This invention solves the foregoing problems by providing an apparatus for securing a first casing in place while a second casing is connected thereto. The apparatus eliminates the need for one or more workers to hold the first casing manually with their hands while the second casing is being secured to the first.
One aspect of the invention is an apparatus for holding in place a first casing while a second casing is connected to the first casing, including an annular clamp having three segments hingedly fit together to form a ring; a carrier including two handles and a ring, wherein the carrier can be connected to a top surface of the annular clamp; a bowl-shaped housing including a central circular opening adapted for receiving the annular clamp; and an adapter plate adapted for receiving the bowl-shaped housing and further adapted for mounting the bowl-shaped housing to a rig. The adapter plate also can include a central circular opening through which a casing fits.
Another aspect of the invention is an apparatus for holding in place a first casing while a second casing is connected to the first casing, including an annular clamp having two or more segments hingedly fit together to form a ring through which a casing fits; and a bowl-shaped housing mounted to a rig and including a central circular opening adapted for receiving the annular clamp.
Another aspect of the invention is an apparatus, including an annular clamp having two or more segments hingedly fit together to form a ring through which a casing fits, wherein the ring has an adjustable inside diameter such that the ring holds a casing in place when the inside diameter is reduced by squeezing together the two or more segments.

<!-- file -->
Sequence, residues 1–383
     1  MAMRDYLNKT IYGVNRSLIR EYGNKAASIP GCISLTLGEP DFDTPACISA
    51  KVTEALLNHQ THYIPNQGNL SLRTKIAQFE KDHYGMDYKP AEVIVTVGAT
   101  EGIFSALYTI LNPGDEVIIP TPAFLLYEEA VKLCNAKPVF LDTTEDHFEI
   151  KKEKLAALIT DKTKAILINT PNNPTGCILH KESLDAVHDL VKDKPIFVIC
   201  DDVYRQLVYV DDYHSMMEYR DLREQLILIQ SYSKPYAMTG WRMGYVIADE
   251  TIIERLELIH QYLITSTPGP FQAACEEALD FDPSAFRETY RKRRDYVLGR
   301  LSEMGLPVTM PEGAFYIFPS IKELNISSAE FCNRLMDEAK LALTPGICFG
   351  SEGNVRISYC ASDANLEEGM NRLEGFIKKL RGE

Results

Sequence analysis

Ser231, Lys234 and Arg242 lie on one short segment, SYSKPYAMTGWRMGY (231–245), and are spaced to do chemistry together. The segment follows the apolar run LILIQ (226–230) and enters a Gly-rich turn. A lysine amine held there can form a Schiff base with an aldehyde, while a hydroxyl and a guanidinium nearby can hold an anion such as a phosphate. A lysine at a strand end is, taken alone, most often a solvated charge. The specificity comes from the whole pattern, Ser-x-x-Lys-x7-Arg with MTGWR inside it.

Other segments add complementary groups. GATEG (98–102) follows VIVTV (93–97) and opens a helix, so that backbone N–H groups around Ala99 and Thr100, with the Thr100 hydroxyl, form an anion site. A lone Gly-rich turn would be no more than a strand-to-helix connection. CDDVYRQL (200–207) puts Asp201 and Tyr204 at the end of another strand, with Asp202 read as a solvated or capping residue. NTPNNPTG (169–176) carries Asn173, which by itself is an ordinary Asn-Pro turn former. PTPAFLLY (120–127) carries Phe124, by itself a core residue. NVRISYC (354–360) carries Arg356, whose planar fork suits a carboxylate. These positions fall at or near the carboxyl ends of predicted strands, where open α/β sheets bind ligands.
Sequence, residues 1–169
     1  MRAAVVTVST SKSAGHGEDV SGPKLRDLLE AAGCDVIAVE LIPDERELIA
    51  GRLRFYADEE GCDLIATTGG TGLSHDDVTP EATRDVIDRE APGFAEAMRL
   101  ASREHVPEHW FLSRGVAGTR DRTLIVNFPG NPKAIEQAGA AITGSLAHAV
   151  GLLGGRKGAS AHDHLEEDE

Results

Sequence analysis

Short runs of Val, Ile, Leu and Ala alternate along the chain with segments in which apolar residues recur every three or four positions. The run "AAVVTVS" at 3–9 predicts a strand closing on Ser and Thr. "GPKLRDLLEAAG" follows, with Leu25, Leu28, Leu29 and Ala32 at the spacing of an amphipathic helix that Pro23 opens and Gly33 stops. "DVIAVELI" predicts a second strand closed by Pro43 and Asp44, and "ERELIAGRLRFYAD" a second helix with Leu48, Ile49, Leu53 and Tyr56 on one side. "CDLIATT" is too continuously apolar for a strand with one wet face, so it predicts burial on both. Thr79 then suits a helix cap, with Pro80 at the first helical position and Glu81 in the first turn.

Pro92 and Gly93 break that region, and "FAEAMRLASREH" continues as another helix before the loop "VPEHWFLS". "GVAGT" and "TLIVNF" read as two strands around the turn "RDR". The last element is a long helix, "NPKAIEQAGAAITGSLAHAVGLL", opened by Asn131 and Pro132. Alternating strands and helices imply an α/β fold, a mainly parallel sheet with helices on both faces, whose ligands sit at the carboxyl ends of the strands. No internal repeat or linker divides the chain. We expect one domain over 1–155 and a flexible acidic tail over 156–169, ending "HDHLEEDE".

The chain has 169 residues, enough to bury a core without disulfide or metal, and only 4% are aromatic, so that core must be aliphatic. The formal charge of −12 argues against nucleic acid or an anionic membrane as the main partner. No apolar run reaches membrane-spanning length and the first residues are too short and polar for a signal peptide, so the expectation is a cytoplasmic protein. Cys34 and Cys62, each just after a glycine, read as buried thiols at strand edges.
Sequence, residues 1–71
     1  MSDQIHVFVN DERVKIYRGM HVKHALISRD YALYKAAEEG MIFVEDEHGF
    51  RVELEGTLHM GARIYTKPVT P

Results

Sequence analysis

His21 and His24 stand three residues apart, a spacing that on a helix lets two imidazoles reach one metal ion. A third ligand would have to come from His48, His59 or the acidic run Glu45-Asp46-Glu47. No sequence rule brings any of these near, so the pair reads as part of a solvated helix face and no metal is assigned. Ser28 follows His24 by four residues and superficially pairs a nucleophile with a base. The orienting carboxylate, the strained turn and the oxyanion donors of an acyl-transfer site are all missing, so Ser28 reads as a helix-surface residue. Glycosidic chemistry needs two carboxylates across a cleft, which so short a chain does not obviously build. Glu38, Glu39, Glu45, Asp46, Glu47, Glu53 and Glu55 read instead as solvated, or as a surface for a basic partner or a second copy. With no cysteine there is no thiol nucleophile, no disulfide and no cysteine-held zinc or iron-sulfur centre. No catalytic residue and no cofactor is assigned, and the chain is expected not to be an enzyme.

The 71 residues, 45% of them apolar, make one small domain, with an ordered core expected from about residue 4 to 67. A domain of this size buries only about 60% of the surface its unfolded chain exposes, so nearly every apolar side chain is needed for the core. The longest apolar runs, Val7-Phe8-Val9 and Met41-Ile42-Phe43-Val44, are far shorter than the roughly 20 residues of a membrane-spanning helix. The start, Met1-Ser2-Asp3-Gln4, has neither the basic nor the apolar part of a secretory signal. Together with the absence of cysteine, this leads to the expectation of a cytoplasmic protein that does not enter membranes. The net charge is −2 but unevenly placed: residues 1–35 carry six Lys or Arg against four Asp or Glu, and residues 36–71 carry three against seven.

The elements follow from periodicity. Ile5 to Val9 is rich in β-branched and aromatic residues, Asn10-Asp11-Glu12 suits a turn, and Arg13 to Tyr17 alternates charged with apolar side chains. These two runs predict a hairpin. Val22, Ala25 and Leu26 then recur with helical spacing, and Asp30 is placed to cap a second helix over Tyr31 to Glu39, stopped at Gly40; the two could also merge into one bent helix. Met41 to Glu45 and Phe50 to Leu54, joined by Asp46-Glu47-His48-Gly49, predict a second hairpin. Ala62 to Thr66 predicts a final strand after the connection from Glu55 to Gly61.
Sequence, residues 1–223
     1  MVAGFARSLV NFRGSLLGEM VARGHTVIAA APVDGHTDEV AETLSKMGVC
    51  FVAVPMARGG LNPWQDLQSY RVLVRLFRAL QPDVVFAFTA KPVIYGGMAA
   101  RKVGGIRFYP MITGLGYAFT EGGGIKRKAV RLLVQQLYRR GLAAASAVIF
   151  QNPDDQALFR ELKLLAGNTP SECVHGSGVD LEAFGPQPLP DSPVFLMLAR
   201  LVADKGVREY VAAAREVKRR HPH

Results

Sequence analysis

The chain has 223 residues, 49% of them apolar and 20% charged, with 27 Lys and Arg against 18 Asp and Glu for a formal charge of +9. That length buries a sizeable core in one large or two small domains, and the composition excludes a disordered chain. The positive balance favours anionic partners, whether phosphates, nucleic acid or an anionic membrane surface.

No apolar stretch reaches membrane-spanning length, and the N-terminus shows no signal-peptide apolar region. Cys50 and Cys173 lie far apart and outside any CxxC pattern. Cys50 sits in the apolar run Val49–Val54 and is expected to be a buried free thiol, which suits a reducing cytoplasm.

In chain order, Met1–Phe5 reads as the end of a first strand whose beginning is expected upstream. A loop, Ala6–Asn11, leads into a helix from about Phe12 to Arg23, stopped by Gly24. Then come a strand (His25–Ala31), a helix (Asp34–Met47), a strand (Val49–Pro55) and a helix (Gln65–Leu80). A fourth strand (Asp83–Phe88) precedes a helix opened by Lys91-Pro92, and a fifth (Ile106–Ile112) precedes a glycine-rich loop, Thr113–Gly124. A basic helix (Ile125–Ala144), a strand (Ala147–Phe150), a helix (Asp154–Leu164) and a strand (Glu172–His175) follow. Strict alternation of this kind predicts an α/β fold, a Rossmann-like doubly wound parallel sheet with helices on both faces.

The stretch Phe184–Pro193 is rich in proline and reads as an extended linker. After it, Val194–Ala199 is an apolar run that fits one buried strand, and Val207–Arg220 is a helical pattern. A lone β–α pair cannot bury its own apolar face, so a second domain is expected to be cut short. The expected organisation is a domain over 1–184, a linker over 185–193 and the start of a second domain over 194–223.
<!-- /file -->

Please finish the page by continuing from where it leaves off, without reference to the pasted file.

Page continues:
Another aspect of the invention is a method for holding in place a first casing while a second casing is connected to the first casing, including mounting a bowl-shaped housing to a rig, wherein the bowl-shaped housing includes a central circular opening adapted for receiving an annular clamp; positioning an annular clamp inside the bowl-shaped housing, the annular clamp having two or more segments hingedly fit together to form a ring; and inserting a first casing through the ring formed by the two or more segments of the annular clamp.
A feature of the invention is an annular clamp with three segments hingedly fit together such that upon inserting the annular clamp inside a bowl-shaped housing the inside diameter of the annular clamp is reduced to secure a casing in place.
Another feature of the invention is one or more inserts detachably secured within dovetails on the inside surface of the annular clamp to form one or more points of contact with a casing.
Another feature of the invention is a carrier detachably connected to the annular clamp to facilitate lifting and lowering of the annular clamp.
Another feature of the invention is an air cylinder mechanically connected to an annular clamp for raising and lower the annular clamp into and out of a bowl-shaped housing.
Another feature of the invention is a universal bowl-shaped housing that accommodates annular clamps of various sizes.
Another feature of the invention is an adapter plate which allows the apparatus of the present invention to be retrofitted onto a drill rig.
An advantage of the invention is that makes securing casings together quicker and easier.
Another advantage of the invention is that it eliminates the need for one or more workers to hold a first casing with their hands while a second casing is connected to the first casing, thereby making the process safer.
Another advantage of the invention is the strength with which the annular clamp grips a casing.
Another advantage of the invention is that the carrier and the air cylinder make moving and positioning the annular chamber relatively easy.
Another advantage of the invention is that the exterior taper of the annular clamp, regardless of its size, matches the interior taper of the bowl-shaped housing, such that one bowl-shaped housing can be used with a variety of annular clamps each being of a different size.
Another advantage of the invention is that because the interior taper of the bowl-shaped housing matches the exterior taper of the annular chamber, the curved segments of the annular chamber are compressed and released as the annular chamber is inserted into and removed from the bowl-shaped housing, respectively.